Archaeology is the study of the human past. As such, archaeologists cannot directly observe the behavior of past peoples but must make reasoned inferences leading toward understanding and explaining patterning in the archaeological record. Many methods are used by archaeologists to produce plausible reconstructions of past human behavior. Archaeology by experiment is one way that investigators gain valuable insights into how people did things in the past.
ANTH370 introduces the concepts, methods, and theory of experimental archaeology. In this course students explore the history of experimental archaeology through a series of case studies. The methods and goals of experimental archaeology will be compared to the closely related field of ethnoarchaeology.
Through selected readings and hands-on experiments, ANTH370 explores these fundamentally important questions asked by archaeologists:
- How do archaeologists know what they know?
- How is the archaeological record formed?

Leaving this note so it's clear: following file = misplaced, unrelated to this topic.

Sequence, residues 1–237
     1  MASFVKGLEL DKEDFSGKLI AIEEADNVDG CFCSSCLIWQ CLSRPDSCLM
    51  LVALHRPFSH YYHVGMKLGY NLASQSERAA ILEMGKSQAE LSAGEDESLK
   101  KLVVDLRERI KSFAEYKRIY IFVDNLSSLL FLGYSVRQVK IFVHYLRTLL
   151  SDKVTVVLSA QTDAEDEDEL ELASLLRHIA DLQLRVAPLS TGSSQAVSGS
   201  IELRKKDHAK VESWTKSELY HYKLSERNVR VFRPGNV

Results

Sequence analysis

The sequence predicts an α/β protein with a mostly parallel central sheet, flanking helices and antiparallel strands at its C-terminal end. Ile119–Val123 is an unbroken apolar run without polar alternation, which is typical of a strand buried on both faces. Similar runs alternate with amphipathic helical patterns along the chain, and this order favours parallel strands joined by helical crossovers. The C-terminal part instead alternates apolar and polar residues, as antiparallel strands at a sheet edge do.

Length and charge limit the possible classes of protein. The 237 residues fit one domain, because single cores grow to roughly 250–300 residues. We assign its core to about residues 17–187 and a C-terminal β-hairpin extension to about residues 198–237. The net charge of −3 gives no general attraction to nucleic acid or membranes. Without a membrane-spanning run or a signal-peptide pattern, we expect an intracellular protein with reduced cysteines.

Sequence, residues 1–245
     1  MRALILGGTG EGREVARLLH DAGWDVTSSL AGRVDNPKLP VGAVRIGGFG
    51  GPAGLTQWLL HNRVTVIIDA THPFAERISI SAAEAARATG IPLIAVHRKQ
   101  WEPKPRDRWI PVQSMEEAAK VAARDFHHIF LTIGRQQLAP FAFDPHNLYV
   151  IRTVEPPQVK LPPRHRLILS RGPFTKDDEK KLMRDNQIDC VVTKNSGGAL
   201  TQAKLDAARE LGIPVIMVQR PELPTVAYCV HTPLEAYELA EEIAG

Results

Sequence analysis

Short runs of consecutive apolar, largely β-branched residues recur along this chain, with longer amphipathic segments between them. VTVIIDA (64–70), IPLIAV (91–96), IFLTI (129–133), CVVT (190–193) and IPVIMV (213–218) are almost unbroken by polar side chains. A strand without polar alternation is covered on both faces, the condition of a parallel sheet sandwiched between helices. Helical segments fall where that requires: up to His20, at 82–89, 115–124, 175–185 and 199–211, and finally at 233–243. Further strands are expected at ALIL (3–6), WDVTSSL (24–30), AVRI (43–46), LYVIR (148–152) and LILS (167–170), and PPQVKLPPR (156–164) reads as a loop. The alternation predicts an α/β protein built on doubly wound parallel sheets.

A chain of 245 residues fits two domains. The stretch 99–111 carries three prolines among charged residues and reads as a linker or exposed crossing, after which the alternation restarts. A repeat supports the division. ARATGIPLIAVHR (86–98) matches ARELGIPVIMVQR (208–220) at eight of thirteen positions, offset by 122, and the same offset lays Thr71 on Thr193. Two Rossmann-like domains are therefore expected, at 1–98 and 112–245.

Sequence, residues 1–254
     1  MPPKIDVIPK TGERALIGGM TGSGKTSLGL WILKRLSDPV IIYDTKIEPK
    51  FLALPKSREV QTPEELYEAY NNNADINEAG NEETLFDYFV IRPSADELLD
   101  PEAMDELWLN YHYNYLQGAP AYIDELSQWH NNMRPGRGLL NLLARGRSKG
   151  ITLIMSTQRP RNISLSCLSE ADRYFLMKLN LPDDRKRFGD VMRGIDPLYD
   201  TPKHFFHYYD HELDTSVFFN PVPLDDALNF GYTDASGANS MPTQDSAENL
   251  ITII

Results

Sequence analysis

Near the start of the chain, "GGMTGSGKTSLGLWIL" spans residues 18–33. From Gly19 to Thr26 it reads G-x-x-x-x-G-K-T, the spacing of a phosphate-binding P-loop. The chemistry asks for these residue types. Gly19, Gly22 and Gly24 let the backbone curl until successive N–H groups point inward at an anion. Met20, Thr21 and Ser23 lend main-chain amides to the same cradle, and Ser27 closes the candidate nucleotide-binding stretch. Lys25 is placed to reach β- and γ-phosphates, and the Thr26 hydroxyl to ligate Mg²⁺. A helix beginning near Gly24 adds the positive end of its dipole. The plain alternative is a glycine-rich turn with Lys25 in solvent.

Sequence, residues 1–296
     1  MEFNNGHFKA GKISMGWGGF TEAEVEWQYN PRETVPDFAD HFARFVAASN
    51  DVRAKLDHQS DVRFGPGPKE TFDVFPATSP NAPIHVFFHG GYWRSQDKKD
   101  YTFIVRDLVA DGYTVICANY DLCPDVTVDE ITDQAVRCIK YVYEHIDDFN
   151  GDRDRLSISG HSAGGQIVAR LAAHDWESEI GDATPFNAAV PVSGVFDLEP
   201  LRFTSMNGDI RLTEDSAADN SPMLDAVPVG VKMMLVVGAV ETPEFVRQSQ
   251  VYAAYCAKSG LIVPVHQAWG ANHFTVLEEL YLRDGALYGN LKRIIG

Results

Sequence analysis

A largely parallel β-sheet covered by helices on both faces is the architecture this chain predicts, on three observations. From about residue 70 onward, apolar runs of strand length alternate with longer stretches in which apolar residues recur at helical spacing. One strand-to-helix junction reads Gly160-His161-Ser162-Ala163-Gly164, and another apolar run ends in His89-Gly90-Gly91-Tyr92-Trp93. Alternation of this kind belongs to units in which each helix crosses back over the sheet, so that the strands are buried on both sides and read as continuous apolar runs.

Prerequisite: ANTH 103 (Prehistoric Archaeology)
About the instructor:
Dr. Siegel is associate professor of anthropology at Montclair State University. Prior to joining the Montclair State faculty in 2006, Dr. Siegel worked for 14 years in the applied sector of heritage management. In that job, he conducted archaeological projects throughout the Mid-Atlantic and Northeast regions of the United States, Puerto Rico, U.S. Virgin Islands, and South America. His major areas of interest lie in the pre-Columbian archaeology of the Caribbean, lowland South America, and eastern North America.
Since coming to Montclair State University, Dr. Siegel has obtained two grants from the National Science Foundation and one from National Geographic Society to pursue research into human-land relations in the pre-Columbian Caribbean. He assembled a swat team of crack researchers from around the country to journey to Caribbean islands with the goal of reconstructing ancient environments and human impacts on them. The team includes Jason Curtis (geochemist, University of Florida, Gainesville), Nick Dunning (geoarchaeologist, University of Cincinnati), Pat Farrell (geoarchaeologist, University of Minnesota), John Jones (palynologist, Washington State University, Pullman), and Debby Pearsall (paleoethnobotanist, University of Missouri, Columbia). Cores were taken from selected wetlands on Trinidad, Grenada, Curacao, Barbados, Martinique, Marie-Galante (Guadeloupe), Antigua, Barbuda, and St. Croix to collect preserved microfossils to help in reconstructing past environments and landscape conditions.
In addition to teaching and doing archaeology, Siegel enjoys juggling and playing blues harmonica.